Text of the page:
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Ho-nee-um trail in the fall

Kline, Virginia; Brown, Charles E.
[Indian legends and stories about Ho-nee-um Pond],   pp. 2-6


Page 6

 
                        THE ARBORETUM SPRINGS 
Source: (See "The Springs of Lake Wingra"l by Charles E. Brown
in the 
         Wisconsin History Magazine, March 1927, Vol. 10, No. 3, pp. 298-301.)
     The Winnebago Indian name for Lake Wingra was Ki-chunk-och-he-er-rah
meaning the "place where the turtle comes up." * These Indians
have a belief 
that springs are places through which animals enter into the spirit world-
hence a former custom of casting offerings of tobacco, stone and bone imple-
ments and other articles into the springs to obtain the "blessings"
of these 
animals. Springs were tribal property and their use was generally well-regulated.
To defile a spring by casting camp refuse into it or to misuse it in other
ways was 
certain to bring severe punishment upon the offender's head. Bathing in springs
whose waters were in use for household or drinking purposes was strictly
forbidden. 
      The name Wingra, or Weengra as it appears on some early maps, means
duck. It is a name also obtained from the Winnebago Indians, who formerly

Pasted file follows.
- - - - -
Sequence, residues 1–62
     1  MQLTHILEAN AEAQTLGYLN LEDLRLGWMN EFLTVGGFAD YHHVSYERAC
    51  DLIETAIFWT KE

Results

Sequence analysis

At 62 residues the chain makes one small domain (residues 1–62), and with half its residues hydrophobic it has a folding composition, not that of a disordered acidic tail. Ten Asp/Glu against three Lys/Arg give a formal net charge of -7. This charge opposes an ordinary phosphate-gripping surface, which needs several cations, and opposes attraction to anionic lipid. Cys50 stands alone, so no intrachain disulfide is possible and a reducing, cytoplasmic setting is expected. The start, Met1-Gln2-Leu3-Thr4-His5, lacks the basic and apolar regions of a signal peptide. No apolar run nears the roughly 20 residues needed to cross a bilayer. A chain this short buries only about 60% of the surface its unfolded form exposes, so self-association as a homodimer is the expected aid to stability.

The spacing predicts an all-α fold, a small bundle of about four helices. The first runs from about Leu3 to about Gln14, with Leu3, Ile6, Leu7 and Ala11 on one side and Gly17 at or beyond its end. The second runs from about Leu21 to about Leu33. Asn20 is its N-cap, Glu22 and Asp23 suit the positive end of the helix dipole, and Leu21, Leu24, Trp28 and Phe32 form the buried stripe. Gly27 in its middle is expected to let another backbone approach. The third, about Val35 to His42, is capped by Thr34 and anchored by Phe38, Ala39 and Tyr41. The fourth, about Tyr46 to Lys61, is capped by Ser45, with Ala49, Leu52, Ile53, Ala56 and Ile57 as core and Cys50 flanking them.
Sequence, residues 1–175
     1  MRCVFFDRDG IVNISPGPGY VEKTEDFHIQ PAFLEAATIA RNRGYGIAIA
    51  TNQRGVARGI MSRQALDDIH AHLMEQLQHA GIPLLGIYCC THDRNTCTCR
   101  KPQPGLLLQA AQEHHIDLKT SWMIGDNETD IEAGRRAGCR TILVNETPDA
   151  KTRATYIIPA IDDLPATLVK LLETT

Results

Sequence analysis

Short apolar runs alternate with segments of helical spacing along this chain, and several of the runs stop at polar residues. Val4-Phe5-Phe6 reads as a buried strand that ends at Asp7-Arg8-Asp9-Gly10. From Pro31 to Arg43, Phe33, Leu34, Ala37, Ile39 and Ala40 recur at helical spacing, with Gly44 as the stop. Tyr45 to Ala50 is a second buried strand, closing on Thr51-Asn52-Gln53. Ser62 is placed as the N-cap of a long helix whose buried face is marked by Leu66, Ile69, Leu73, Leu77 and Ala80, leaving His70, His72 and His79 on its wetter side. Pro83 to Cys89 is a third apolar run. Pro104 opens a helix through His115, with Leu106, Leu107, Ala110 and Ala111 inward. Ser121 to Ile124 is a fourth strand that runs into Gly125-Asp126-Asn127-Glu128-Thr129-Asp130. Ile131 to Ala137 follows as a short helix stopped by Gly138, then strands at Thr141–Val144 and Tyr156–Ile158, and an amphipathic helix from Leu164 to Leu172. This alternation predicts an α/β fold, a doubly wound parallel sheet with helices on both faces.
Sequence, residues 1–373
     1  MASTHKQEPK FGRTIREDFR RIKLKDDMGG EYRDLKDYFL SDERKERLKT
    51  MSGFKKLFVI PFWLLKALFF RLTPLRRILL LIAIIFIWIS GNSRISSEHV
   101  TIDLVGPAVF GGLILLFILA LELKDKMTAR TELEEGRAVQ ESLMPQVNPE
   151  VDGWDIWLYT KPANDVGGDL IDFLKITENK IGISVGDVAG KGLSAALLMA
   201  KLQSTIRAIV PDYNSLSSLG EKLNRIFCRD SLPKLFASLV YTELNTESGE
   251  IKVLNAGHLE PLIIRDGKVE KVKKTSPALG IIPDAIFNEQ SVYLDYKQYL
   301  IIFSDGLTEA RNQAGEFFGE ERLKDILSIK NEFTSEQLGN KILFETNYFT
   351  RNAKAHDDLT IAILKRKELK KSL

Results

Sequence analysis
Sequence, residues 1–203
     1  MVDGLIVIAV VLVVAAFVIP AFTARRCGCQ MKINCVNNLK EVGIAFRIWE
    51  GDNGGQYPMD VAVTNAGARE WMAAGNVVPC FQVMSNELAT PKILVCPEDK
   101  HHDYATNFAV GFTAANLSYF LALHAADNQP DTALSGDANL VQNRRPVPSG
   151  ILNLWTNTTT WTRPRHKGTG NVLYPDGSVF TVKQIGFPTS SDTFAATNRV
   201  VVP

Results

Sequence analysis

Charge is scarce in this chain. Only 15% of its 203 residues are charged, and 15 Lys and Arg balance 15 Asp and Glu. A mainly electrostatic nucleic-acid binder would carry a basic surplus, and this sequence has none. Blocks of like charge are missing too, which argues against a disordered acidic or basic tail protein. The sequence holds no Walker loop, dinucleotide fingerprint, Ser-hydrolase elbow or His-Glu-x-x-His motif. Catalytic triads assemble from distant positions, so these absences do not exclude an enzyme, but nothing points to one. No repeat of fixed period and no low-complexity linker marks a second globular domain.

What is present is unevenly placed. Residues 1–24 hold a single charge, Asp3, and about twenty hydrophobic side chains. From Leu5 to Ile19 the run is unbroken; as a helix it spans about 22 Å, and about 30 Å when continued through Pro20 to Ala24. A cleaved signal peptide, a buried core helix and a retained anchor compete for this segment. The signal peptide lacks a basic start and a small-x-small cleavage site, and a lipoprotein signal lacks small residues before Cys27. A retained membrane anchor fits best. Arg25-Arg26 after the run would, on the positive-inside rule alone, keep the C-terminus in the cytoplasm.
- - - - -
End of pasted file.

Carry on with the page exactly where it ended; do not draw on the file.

inhabited its shores. 
                                The Springs 
      Lake Wingra, up to a few years ago, had upon its shores a greater number
 of fine large springs than any other of the upper Madison lakes. About four
or 
 five of these original fifteen springs are now out of existence, due to
improve- 
 ments made on the city shores of the lake. Too, the number and size of these
 Lake Wingra springs was no doubt largely responsible for the former location
 of six different villages and a number of camp sites and the large number
of 
 prebistoric Indian mounds (150) on its shores. Some of these springs were
very 
 near to the Indian trails formerly passing through this region and none
very far 
 from them. The Indians appreciated the abundance of clear fresh water. 
 * Oliver Lemere, Winnebago Indian, 1925 
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